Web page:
Transthoracic echocardiographic measurements of all subjects were performed using a GE Vivid E9 or GE Vivid E95 (Norway) 2.5 MHz transducer in the left lateral decubitus position at rest. The biplane algorithm was used to measure the maximum volume of the left atrium in the standard apical four-chamber and two-chamber views before mitral valve opening for 1–2 frames. The LA maximal volume was divided by the body surface area to obtain the LA maximal volume index (LAVI). LVEF was measured in the standard apical four-chamber and two-chamber views by Simpson’s method biplane algorithm. Pulsed-wave Doppler (PW) was used to measure the peak early-diastolic (E) and peak end-diastolic (A) transmission velocity, E/A ratio, and E wave deceleration time at the level of the mitral leaflet tips from the apical four-chamber view. In the apical four-chamber view, the sampling points were placed at the levels of the basal portion of the septal and lateral mitral annulus. Tissue Doppler imaging (TDI) and PW were used to obtain the mitral annulus movement speed, and the peak value of the longitudinal movement in the early-diastolic period (i.e., septal e' and lateral e'). Then, the mean early-diastolic myocardial velocity (e′mean) and the ratio of E/e'mean were calculated. The maximum velocity of tricuspid regurgitation (TRmax) was measured by continuous-wave Doppler (CW) under the guidance of color Doppler from the parasternal long axis of the left ventricle or the apical four-chamber view. Researchers were blinded to the patient's LVEDP and clinical characteristics.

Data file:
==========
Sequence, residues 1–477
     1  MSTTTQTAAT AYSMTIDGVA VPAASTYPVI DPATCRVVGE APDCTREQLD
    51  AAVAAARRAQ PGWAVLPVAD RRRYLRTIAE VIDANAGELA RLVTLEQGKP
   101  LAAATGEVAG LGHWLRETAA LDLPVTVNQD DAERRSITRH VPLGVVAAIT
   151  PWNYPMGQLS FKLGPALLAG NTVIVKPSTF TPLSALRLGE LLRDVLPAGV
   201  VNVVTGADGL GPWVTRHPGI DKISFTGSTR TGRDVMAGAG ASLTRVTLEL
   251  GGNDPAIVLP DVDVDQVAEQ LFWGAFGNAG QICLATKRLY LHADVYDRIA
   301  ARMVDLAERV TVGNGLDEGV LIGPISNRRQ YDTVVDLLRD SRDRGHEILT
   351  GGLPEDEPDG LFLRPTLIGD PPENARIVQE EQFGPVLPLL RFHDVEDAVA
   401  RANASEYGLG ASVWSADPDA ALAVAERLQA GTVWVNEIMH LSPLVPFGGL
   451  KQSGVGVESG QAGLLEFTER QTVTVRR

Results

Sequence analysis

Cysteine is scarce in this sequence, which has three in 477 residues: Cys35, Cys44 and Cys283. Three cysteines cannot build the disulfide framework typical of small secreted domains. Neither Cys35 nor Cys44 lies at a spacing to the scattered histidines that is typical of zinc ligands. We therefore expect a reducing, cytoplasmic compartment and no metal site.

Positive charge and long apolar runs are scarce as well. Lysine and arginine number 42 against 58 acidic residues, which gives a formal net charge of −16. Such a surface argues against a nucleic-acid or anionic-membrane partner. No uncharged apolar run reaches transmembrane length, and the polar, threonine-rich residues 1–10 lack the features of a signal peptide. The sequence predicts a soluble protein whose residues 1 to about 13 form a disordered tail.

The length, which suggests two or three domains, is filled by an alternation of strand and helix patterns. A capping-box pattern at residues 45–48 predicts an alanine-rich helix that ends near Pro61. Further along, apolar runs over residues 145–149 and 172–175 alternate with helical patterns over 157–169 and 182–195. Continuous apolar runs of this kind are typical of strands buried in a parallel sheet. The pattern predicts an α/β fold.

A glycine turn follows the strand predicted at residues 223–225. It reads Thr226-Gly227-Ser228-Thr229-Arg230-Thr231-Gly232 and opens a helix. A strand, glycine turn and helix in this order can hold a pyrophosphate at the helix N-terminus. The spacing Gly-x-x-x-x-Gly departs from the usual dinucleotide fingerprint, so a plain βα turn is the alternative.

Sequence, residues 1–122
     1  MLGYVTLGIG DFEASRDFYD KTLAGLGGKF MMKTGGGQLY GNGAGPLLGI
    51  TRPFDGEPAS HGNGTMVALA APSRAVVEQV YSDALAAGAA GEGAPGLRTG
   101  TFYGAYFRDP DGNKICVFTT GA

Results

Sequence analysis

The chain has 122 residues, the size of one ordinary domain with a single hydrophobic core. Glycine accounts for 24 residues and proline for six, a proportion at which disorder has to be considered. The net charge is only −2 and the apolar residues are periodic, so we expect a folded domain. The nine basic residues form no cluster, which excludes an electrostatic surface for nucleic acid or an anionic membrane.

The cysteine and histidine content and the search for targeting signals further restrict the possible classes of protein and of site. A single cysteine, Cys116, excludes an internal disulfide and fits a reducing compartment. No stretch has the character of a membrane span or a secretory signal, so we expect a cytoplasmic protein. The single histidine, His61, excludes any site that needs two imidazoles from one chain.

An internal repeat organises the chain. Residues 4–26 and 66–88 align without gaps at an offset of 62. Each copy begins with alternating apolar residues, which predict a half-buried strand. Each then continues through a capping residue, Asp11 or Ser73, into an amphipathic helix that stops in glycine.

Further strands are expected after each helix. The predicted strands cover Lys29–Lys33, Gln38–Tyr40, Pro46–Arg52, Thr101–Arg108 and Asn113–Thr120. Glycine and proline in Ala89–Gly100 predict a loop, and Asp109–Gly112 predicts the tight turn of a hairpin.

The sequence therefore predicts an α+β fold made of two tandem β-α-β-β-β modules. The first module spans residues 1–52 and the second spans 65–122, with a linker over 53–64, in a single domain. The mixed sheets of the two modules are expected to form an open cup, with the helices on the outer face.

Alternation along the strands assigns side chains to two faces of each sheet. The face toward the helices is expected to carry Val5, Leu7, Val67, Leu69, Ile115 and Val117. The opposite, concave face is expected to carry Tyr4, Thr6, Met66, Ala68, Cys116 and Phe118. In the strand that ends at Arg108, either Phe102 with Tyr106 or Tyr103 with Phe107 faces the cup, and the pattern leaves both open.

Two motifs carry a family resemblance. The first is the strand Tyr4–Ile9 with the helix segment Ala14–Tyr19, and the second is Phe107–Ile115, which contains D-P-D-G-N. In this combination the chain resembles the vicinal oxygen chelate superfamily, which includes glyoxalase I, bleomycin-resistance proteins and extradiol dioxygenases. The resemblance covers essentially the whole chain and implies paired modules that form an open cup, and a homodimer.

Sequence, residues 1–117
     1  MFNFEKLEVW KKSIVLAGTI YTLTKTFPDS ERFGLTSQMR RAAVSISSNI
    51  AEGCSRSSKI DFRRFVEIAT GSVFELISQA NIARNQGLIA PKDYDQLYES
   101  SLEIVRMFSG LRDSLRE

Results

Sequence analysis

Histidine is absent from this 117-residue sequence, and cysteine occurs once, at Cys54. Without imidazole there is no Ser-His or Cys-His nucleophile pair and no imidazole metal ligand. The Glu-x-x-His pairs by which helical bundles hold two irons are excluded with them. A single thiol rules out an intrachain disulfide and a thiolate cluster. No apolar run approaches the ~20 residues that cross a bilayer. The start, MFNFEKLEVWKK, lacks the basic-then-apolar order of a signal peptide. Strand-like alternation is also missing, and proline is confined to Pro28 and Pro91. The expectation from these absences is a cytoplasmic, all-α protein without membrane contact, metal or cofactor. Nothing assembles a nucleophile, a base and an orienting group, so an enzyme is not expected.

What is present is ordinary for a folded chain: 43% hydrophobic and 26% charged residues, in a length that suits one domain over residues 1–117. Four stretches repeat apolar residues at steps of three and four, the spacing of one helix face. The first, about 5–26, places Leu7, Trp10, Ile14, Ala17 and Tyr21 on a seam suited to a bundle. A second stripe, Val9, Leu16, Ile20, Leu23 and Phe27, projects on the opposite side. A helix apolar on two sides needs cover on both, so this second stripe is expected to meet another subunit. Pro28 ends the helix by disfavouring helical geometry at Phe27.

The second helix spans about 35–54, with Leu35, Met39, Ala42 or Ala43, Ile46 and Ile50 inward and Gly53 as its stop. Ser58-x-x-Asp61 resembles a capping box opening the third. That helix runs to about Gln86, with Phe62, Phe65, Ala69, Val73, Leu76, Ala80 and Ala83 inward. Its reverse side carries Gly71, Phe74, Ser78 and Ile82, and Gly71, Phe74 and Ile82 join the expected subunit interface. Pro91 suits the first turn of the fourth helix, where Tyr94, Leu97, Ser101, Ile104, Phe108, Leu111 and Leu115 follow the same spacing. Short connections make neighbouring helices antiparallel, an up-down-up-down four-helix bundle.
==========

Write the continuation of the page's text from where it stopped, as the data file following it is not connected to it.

Two-dimensional speckle tracking echocardiography

The left atrial strain was measured using the two-dimensional strain analysis package provided by the Echo PAC workstation (GE Healthcare). The two base points of the mitral annulus and the top of the distal end of the LA were manually selected; the area of interest was adjusted to include the entire LA wall, each view was divided into six sections, and twelve sections from each patient were analyzed. The global longitudinal LA strain was measured as an average of 12 sections. The LA reservoir strain was measured as the average of the longitudinal positive peak of LA strain, which was from all LA segments (i.e., 12 segments) of the apical 4-chamber and 2-chamber views [8].